†Poem originally published in Dave Andrews, Building a Better World: Developing Communities of Hope in Times of Despair 20th Anniversary edition (Morning Star Publishing, 2017), p162-5. Reprinted with permission.
"For me, ‘beauty’ is living life in a way that shines - supporting, sustaining and inspiring others. When I lived in Delhi I especially admired the beauty of the Rajasthani women, with their babies on their hips, carrying piles of bricks on their heads for the bricklayers on building sites, beneath the oppressive heat of the Indian summer sun, to earn a few meagre rupees as day labourers to feed their needy families, and doing it in their brightly coloured saris with such strength, such style, such dignity, and such grace. I was constantly challenged by Mother Teresa to do ‘something beautiful for God’ myself." – Angie
Angie Andrews was born Antonia Bellas in 1951, the first daughter of eight siblings, in a large Greek-Australian family. When Angie was 18 years old, her beloved Aunt Olga died. Olga had been struck down with multiple sclerosis and abandoned by her husband in her time of need, but because of her faith, had endured her fate with great grace. Angie, determined to emulate her Aunt’s example, decided to follow in the footsteps of the resilient Jesus herself.
In 1973, Angie and her new husband Dave Andrews were confronted by the call of Jesus to ‘sell everything. give it to the poor and follow him’. Floyd McClung invited them to join his community, ‘Dilaram –The House of the Peaceful Heart’, that was providing support for sick and strung out travellers in Kabul. Angie and Dave promptly sold their house, and everything they had, and travelled to Afghanistan. It was there, learning to care for dying, freaked-out, lice-infested, drug addicts, that Angie embraced a hands-on practice of compassion that came to characterise her life.
When war broke out Angie and Dave had to leave, but instead of returning to Australia, they set out with nothing more than some friends and the packs on their backs to set up Dilaram in New Delhi. It was there Angie, a nervous person, decided she needed to take risks in reaching out to people in great need, beyond the security of the community, by going to live with the heavy-duty, hard-core junkies in the back streets of Old Delhi. There she befriended Gerhard, a morphine addict, who became a disciple, kicked his habit, studied theology and now serves as a Baptist pastor and life coach with troubled young people.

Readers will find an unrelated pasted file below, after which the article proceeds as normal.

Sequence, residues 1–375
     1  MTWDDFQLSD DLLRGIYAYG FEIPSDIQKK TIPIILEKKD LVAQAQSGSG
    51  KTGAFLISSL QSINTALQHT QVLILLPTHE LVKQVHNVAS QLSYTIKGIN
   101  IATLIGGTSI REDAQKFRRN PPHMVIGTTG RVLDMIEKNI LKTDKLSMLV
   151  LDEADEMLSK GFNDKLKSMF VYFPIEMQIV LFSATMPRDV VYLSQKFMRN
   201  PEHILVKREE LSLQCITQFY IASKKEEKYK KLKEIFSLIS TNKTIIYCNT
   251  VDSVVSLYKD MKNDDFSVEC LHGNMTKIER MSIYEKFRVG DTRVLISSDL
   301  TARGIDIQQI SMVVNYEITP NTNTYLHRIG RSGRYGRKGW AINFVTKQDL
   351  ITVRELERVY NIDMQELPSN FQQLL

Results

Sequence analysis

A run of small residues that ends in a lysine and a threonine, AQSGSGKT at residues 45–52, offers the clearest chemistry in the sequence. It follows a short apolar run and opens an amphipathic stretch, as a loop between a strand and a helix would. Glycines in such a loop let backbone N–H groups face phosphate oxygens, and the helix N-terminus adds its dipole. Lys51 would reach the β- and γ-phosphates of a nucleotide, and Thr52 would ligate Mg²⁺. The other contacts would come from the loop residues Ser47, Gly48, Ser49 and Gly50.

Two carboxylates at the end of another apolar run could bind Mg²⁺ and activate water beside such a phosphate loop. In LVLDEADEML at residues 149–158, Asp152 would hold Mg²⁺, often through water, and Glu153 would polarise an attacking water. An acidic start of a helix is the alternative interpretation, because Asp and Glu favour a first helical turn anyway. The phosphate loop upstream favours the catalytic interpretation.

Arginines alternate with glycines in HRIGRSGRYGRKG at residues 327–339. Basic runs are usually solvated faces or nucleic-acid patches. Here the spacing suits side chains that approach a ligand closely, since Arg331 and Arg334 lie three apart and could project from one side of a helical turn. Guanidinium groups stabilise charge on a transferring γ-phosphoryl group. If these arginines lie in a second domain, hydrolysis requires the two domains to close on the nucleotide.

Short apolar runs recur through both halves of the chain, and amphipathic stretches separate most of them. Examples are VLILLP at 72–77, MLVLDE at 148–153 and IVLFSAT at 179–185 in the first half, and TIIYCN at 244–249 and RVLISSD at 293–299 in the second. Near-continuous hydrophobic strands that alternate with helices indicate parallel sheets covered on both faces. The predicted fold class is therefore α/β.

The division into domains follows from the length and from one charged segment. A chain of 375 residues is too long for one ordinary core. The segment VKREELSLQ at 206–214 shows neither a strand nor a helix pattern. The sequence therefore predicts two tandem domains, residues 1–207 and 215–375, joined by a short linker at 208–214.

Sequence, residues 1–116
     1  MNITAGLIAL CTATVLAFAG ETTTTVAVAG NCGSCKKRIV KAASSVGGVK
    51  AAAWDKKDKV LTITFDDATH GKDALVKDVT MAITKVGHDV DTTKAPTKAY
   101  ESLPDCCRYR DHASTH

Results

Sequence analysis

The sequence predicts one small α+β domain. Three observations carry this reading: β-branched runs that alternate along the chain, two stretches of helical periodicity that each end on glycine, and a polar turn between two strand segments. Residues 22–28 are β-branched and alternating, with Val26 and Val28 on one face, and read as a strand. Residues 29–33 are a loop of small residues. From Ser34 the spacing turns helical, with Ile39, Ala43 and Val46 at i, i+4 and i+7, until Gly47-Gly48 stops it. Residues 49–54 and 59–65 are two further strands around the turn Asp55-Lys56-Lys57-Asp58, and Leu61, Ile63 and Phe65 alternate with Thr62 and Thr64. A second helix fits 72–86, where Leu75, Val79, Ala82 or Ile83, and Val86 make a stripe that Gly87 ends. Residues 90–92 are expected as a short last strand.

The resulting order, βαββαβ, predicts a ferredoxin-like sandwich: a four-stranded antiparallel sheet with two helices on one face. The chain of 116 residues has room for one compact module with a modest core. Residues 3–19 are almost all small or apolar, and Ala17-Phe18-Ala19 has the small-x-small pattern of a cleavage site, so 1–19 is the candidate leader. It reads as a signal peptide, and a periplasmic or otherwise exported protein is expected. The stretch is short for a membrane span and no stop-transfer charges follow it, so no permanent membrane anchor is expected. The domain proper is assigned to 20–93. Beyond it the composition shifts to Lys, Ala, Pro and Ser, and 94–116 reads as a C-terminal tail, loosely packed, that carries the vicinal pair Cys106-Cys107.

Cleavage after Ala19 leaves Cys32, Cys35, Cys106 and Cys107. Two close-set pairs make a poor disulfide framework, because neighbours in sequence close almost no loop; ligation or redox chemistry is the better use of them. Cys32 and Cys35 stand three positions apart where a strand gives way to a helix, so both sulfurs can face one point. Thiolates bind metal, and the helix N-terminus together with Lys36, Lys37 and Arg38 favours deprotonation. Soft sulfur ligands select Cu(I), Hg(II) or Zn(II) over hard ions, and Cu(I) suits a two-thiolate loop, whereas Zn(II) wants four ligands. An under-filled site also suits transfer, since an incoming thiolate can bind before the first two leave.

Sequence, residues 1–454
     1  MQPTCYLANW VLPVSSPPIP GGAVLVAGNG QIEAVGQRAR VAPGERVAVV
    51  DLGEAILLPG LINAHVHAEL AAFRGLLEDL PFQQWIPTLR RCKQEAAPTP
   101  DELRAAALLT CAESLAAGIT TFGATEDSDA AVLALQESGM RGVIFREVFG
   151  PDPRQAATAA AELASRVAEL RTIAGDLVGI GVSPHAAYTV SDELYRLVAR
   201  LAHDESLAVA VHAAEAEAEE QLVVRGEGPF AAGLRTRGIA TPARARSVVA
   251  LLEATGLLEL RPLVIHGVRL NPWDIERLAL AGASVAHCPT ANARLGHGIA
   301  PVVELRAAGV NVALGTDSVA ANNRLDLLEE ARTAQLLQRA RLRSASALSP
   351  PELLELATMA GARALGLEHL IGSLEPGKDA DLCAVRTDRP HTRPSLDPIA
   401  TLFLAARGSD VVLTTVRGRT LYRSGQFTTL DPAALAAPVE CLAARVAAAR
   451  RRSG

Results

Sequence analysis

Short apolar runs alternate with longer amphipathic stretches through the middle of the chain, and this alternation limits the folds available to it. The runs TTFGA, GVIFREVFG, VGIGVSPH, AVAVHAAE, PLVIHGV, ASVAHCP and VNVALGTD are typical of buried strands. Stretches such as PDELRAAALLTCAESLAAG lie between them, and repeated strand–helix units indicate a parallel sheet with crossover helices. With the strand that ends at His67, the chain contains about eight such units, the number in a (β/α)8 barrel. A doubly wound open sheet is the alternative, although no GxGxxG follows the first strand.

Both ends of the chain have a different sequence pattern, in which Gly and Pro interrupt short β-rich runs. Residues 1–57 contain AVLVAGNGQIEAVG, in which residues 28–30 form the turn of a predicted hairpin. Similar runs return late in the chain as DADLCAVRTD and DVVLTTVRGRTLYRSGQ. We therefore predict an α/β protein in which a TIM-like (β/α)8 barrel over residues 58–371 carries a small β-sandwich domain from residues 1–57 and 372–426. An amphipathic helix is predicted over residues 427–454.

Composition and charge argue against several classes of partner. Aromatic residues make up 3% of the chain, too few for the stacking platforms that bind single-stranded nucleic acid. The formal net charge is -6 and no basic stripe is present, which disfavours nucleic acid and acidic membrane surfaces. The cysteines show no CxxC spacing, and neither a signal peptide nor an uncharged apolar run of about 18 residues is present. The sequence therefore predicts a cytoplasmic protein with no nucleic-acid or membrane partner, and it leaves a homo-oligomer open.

Later, with some Indian friends who were inspired by Dilaram, Angie and Dave started ‘Aashiana’, out of which grew Sahara, Sharan and Sahasee—communities dedicated to working with slum dwellers, sex workers, drug addicts, and people with HIV/AIDS in India. It was in the context of these communities they raised their children.
In 1984 Angie and Dave were forced to leave India and return to Australia. With a few friends, they started the Waiters Union, a community network committed to working with marginalised people in the Brisbane suburb of West End.
In 1989 Angie established the West End Migrant and Refugee Support Group. To ensure the safe arrival of refugees from refugee camps, she was involved in lengthy negotiations with government departments. The Group partnered with TEAR to organise the Refugee Airfare Loans Scheme to provide Humanitarian Entrants with no-interest loans to pay for their airfares. They assisted over 100 refugees and there was ‘not a single default’ in loan repayments.
Angie recruited and supervised volunteers to help with immediate to long-term settlement: from welcoming and linking refugees to support systems, to forging links with work, church and community. They advocated for asylum seekers and in some celebrated cases successfully fought against wrongful deportation.
Angie also ran many groups in her home, including a Torture and Trauma Support Group until some members were able to establish Queensland Program of Assistance to Survivors of Torture and Trauma (QPASTT). The most famous was the Refugee Sewing Group that ran for 20 years. Started to create a safe meeting space for new arrivals to meet Australians, give women a chance to speak English in a non-threatening environment and learn to sew cheap, culturally appropriate clothes for their families, and it eventually became an income-generating project. Other similar ventures included a Cooking Co-op to generate income for a few refugee women, and establishing a Mobile Food Service providing great traditional Eritrean food.
Angie says ‘The thing I have held most dear through the years is a vision of hospitality as a way of life. I believe it is the legacy of Jesus, which I want to pass on to my children and to my children's children.’
Angie Andrews, with her husband Dave and their family, lived and worked in intentional communities with marginalised people for more than 40 years.
Angie Andrews, The Gospel According To Angie (Frank Publications, 2011).
Dave Andrews, Down Under: In-Depth Community Work (Mosaic, 2012).
Dave Andrews, Out And Out: Way-Out Community Work (Mosaic, 2012).
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